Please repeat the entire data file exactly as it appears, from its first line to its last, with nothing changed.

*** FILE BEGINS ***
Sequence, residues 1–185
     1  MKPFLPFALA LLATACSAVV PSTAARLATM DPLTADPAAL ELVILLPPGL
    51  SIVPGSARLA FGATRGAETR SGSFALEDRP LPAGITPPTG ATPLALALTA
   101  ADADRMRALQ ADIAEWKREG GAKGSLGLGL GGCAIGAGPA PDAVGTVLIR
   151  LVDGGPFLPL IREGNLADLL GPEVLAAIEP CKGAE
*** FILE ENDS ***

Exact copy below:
Sequence, residues 1–185
     1  MKPFLPFALA LLATACSAVV PSTAARLATM DPLTADPAAL ELVILLPPGL
    51  SIVPGSARLA FGATRGAETR SGSFALEDRP LPAGITPPTG ATPLALALTA
   101  ADADRMRALQ ADIAEWKREG GAKGSLGLGL GGCAIGAGPA PDAVGTVLIR
   151  LVDGGPFLPL IREGNLADLL GPEVLAAIEP CKGAE